According to the respondent, the financial irresponsibility of the deceased, including borrowing against the respondent’s
credit, related to his “history of medical issues including substance abuse”, which led to the respondent’s bankruptcy in
March 2000. She was not cross-examined on this evidence.
 The issue before the application judge expressed in the
notice of application was whether “[t]he Deceased and the Applicant entered into an express, valid and binding contract where
for consideration of the Applicant paying all Premiums for the
Policy, the Applicant would receive the Benefits”. However, nothing in the notice of application addressed the remedial route to
recovery, via constructive trust, express trust, equitable assignment, perfectionary trust or some other equitable mechanism.
 In the court below, the respondent simply asserted
the appellant “would be unjustly enriched if she receives the
deceased’s life insurance policy”. The respondent asked the court
to impose a constructive trust on the proceeds of the insurance
policy in her favour, and invoked the doctrine of unjust enrichment developed in a line of cases including Soulos v. Korkontzilas
(1997), 32 O.R. (3d) 716,  2 S.C.R. 217,  S.C.J. No. 52.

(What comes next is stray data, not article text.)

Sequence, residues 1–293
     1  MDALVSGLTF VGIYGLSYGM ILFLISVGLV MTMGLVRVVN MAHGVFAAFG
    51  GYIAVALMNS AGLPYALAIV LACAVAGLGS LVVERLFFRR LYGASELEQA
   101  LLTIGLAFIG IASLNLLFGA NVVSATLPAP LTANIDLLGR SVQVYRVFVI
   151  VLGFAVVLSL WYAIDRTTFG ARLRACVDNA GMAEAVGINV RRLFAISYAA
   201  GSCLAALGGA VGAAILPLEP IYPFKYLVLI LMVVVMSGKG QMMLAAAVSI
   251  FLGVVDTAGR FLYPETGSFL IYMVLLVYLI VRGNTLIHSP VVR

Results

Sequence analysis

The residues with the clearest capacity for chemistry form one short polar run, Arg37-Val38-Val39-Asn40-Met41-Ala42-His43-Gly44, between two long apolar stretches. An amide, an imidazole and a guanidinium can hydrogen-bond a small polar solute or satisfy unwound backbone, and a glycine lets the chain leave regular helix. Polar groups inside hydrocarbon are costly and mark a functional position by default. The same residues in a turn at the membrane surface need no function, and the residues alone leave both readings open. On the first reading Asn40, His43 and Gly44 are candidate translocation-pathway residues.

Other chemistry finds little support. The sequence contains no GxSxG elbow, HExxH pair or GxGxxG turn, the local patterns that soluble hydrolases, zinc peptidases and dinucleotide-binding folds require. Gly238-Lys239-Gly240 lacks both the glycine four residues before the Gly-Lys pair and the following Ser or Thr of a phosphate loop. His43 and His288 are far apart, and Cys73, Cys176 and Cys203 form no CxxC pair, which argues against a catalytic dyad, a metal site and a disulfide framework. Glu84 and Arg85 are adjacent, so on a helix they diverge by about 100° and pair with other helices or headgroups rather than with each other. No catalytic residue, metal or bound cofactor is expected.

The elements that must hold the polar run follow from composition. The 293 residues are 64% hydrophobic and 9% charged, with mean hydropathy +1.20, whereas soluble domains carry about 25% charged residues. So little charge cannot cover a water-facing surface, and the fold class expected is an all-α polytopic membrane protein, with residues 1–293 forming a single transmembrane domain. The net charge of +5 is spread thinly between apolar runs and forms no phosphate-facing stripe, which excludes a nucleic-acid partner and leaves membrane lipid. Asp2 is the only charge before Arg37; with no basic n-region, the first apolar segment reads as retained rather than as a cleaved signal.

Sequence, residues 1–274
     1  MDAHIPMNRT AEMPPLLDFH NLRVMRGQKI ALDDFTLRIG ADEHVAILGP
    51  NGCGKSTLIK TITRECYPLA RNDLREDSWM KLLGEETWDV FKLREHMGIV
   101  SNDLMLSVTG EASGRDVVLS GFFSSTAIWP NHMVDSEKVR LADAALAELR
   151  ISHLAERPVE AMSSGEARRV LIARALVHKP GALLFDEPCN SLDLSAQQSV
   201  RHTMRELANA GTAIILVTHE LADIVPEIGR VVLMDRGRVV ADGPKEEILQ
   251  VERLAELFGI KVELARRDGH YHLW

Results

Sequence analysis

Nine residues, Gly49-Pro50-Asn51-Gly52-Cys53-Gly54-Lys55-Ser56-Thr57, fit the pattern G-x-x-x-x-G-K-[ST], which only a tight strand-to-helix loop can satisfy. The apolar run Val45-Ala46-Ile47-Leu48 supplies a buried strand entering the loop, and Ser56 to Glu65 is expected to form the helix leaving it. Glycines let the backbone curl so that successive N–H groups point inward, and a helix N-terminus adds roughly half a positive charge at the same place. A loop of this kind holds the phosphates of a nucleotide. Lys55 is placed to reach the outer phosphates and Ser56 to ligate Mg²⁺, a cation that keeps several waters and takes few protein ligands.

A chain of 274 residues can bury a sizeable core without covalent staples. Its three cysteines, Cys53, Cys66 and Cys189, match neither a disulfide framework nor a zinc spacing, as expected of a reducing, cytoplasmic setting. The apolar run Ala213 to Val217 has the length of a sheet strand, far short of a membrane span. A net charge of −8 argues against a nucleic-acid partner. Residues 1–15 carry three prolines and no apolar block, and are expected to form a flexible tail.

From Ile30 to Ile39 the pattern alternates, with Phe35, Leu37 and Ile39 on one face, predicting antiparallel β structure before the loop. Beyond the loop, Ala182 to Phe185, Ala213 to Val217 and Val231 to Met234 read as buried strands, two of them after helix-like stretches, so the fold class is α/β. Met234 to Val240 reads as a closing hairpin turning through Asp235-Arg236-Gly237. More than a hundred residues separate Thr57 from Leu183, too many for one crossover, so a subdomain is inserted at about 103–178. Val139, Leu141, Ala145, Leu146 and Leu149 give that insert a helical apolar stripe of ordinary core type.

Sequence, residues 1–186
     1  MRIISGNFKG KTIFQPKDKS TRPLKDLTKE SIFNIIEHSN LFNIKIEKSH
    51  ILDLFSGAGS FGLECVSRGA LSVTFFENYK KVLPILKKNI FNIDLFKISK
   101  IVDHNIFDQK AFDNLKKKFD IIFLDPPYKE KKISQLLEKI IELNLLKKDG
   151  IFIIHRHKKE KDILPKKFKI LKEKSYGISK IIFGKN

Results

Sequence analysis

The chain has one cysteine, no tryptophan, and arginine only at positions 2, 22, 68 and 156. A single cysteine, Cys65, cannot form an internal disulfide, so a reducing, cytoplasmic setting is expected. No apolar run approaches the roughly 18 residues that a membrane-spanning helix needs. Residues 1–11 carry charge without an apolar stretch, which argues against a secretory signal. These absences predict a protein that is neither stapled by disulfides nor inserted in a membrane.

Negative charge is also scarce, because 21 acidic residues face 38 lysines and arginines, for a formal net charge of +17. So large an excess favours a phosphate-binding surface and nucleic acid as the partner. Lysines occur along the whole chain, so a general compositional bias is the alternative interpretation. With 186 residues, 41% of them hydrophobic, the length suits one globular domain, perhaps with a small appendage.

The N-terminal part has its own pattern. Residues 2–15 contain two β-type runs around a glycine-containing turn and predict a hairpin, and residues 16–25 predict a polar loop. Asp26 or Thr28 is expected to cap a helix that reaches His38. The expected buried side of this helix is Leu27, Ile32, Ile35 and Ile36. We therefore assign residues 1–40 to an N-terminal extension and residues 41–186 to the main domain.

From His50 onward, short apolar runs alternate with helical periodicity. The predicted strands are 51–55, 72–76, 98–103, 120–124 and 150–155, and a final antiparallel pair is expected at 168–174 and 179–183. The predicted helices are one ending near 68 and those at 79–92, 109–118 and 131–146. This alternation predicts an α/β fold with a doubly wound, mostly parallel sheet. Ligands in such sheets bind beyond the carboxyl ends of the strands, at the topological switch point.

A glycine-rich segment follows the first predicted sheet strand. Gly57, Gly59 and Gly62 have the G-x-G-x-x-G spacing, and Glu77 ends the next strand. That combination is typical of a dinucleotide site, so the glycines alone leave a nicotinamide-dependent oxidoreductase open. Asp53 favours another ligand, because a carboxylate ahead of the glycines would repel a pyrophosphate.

(2) The application judge’s findings
 As requested by the respondent, the application judge
imposed a constructive trust on the proceeds of the insurance
policy in her favour.
 He found there was a valid and binding oral agreement
between the deceased and the respondent under which the
respondent would pay the premiums and would be entitled to
the proceeds of the insurance policy on the deceased’s death. The
application judge gave four reasons for this finding. First, he
found there was “a significant continuing purpose for the
agreement”, which was “to provide for the children of the Applicant and the Deceased as well as the Applicant”, since the
deceased continued to have obligations to his children at the
time of the agreement.
 Second, the application judge noted the respondent
started paying the premiums herself and continued to do so
until the date of the deceased’s death. He found she “would not
have paid the premiums out of her own account if she had not
obtained an equitable assignment of the proceeds of the policy in
her favour from the deceased”.
 Third, the evidence was that the deceased had no assets in
2000 and was dependent upon disability payments for his own
living expenses. He was not paying the insurance premiums and
he knew full well the respondent was. The application judge found: